Roxy meanwhile has her eye on the new guy, a football player named Christian Newville (Booboo Stewart), with hair for days. She asks Cyrus to be her go between and get Christian to text her. Ever the hero, Cyrus agrees and makes the fix but finds himself tangled up in their budding relationship, acting as a speech-writer and counselor to the tongue-tied Christian and a confidante to Roxy.
The film makes great use of modern communications to keep the deception going. Cyrus takes over the duties of texting Roxy for Christian. When Roxy begins to suspect that Christian is perhaps not as “soulful” and “articulate” as she surmised from text, the two boys take to a viral campaign, #ForgiveMeRoxy, and even make it onto Buzzfeed. Cyrus relies on technology as a crutch for his physical insecurities, using his l33t hax0rz skills to navigate his world, support his friends and crush, and, in times of crisis, as a mental shield for a better future. For Cyrus, the internet and technology are his pass to a better life, the quintessential nerd dream of future fame and money over the high school jocks.
Unlike its source material, where pretty much everyone dies in war, #Roxy gets the happy ending we’re expecting. Everything about this movie satisfies expectations. There’s no new ground being covered here as far as teenage romance is concerned. The guy gets the girl, there’s reference to a classic 80’s rom-com (in this case Say Anything), and the rift between brain and brawn is healed by the friendship of Christian & Cyrus.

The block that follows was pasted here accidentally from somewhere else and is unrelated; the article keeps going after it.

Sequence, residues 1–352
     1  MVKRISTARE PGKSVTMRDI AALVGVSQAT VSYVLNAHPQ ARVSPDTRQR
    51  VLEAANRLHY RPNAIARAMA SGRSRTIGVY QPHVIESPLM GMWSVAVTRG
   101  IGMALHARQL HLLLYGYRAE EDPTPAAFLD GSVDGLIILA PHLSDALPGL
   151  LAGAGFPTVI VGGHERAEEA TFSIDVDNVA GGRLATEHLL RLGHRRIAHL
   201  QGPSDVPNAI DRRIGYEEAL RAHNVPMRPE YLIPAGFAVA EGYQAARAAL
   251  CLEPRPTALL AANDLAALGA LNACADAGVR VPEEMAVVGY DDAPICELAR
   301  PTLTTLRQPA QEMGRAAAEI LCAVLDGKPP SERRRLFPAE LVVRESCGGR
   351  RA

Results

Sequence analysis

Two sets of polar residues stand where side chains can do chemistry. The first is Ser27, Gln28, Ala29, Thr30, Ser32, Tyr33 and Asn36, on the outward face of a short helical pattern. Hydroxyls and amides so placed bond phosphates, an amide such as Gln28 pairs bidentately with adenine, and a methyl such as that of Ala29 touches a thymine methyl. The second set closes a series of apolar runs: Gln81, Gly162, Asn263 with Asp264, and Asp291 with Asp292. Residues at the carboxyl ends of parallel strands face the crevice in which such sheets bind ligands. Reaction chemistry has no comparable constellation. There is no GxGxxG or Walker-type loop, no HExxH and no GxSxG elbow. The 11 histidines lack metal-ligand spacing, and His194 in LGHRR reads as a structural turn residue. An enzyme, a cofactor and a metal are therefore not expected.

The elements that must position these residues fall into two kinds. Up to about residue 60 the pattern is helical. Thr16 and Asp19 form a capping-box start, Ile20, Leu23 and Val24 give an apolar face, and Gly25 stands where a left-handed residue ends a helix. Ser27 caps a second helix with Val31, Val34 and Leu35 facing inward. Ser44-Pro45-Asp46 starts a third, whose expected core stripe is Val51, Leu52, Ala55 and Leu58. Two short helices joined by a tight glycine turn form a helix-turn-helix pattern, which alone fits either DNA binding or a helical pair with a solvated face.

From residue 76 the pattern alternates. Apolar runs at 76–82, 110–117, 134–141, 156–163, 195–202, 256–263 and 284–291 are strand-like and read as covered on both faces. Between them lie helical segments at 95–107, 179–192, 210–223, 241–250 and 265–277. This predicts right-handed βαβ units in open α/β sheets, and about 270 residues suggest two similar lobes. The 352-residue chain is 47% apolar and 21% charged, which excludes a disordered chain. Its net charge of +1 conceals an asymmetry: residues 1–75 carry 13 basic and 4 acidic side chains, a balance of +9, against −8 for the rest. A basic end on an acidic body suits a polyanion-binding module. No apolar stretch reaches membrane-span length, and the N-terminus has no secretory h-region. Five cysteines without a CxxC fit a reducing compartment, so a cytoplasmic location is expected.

In this sense, #Roxy is a perfectly palatable film. It runs at a clipped pace, trying to fit a five act play under two hours, and the dialogue flows fast and smart. The film gets extra credit for not “fixing” Cyrus to fit the norm of beauty standards. Though the audience is privy to Cyrus’ hidden “nose job fund” the creators did not take an easy out where an injury could have necessitated rhinoplasty. For these things alone, #Roxy is worth an hour and forty-five minutes of your time.
But wait…there’s more…
Whether audiences are looking for it or not #Roxy has a lot to say about contemporary teen experience as digital natives. The inherent dangers of digital communities, things like catfishing, but also their inherent freedoms. At one point Cyrus, in the digital guise of Christian, texts Roxy that, “Technology’s a funny thing. I feel closer to you than I’ve ever been but still so isolated.” When you’re only words on a screen the words come out more clearly.